Chandra Wisnu, nicknamed the “Bubble Skin Man,” wears a ski mask and sun glasses to hide his appearance on the rare occasions he goes out.
Now, desperate for help, the 57-year-old is going public with his condition. His plight is featured in a one-hour documentary debuting Wednesday on The Learning Channel.
“People have never mocked or ridiculed me directly, but they do stare at me and avoid me. Most people act very strangely around me,” Wisnu said last fall, according to Britain’s The Sun newspaper.
“It makes me feel very insecure and angry when people treat me differently,” he added.
He began noticing the bumps on his skin when he was 19, he said. He married a few years later, and his condition only intensified.
By age 32, they spread to his entire face, according to reports.
Doctors told Wisnu the tumors were benign, possibly caused by a genetic disorder brought on by abnormalities in his nervous system, The Sun reported.
Early on, he was prescribed different types of creams, but they didn’t work.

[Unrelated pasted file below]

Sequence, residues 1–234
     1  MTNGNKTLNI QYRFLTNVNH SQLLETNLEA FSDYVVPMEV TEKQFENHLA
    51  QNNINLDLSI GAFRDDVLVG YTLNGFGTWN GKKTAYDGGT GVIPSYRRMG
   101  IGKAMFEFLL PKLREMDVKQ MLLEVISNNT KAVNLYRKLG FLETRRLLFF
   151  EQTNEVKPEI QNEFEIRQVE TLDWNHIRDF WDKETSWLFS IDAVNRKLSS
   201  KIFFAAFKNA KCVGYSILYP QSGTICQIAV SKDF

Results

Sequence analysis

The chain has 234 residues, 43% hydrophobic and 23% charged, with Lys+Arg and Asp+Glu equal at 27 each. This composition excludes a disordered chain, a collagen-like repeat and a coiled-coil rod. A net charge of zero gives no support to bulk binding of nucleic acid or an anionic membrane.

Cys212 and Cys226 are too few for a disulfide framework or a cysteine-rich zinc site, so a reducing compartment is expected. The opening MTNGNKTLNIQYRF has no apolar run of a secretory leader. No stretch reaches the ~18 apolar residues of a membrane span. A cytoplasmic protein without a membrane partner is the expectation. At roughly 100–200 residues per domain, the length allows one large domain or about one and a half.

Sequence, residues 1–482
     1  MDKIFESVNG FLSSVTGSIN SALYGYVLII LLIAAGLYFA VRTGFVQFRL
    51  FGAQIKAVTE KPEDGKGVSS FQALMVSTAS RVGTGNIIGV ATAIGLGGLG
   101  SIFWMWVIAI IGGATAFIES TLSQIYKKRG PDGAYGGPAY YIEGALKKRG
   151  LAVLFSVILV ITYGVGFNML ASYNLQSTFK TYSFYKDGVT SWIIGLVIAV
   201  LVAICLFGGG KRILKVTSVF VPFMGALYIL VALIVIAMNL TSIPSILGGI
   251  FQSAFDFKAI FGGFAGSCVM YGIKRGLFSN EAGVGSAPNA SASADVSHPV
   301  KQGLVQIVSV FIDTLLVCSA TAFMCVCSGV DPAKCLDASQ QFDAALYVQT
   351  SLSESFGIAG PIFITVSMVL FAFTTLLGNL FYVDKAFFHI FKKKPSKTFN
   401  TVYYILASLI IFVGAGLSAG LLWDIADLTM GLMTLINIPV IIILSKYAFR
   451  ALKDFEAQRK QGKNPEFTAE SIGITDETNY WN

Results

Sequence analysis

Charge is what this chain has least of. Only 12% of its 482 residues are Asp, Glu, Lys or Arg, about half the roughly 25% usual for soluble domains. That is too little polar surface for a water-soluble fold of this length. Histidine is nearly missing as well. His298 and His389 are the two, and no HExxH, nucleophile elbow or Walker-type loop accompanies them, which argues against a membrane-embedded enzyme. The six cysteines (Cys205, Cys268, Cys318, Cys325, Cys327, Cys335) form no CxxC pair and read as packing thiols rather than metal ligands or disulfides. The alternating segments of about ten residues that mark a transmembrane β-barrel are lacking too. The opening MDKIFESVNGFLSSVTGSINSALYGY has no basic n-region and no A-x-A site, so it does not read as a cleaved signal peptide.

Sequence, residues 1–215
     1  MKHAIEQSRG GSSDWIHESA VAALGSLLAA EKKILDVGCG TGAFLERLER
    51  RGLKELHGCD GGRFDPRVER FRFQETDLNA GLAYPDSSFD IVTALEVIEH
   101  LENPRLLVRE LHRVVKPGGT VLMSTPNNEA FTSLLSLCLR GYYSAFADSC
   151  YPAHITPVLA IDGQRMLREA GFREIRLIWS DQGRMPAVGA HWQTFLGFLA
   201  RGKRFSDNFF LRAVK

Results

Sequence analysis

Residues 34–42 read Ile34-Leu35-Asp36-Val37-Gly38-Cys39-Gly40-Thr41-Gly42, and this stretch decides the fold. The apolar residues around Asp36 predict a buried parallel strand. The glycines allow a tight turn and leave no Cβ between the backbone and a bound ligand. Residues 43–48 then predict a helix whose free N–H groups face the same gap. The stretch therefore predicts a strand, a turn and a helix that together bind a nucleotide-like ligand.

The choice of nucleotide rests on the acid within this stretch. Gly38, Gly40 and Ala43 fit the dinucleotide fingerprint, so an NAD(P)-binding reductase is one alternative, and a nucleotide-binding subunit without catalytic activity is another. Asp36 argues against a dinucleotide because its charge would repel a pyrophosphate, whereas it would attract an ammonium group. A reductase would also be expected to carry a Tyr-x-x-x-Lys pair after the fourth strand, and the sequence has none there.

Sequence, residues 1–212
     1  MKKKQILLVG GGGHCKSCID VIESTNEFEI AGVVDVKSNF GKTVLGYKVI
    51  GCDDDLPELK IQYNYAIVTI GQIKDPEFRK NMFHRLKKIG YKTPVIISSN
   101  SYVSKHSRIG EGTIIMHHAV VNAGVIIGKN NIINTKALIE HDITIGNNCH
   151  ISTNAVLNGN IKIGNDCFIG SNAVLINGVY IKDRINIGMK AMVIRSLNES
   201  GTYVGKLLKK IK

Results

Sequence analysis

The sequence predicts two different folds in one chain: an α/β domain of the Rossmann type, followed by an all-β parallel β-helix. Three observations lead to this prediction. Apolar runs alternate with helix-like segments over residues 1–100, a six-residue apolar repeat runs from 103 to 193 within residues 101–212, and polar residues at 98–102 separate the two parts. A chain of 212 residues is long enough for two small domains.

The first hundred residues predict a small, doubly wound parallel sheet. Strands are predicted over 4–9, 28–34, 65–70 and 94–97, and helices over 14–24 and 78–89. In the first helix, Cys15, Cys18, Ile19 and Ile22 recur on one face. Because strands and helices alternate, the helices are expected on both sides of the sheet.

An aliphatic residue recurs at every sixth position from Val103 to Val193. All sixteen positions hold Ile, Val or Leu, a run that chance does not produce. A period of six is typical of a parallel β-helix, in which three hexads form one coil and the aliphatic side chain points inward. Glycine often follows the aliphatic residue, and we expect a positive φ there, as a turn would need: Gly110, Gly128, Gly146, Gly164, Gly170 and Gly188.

Meanwhile, he and his wife, Nanik Tri Haryani, had four children together.
He was certain she would leave him.
“But I refused,” his wife said, according to The Sun. “Seeing him carry on with his life in spite of his changing appearance was, to me, a sign of great strength, not weakness.”
While the lumps don’t appear to be life-threatening, they are uncomfortable,
Wisnu said. They become itchy and sore in hot weather.
“People are afraid, they are frightened of my horrible face and worried they might catch the disease,” he said, according to News.com.au.
“So instead I avoid people, I rarely go out except to pick up my daughter from school,” he continued. “And when I do, I cover my head and my face because I don’t want my daughter’s friends to bully her for having ‘the dad with the horrible face.’”
Wisnu said he hopes doctors can find a treatment for the sake of two his children, ages 26 and 32, who are beginning to develop tumors themselves.
“If there is a chance to get such ... free medication, I will take that chance,” Wisnu said, according to The Sun. “But right now my family is all the treatment I need.”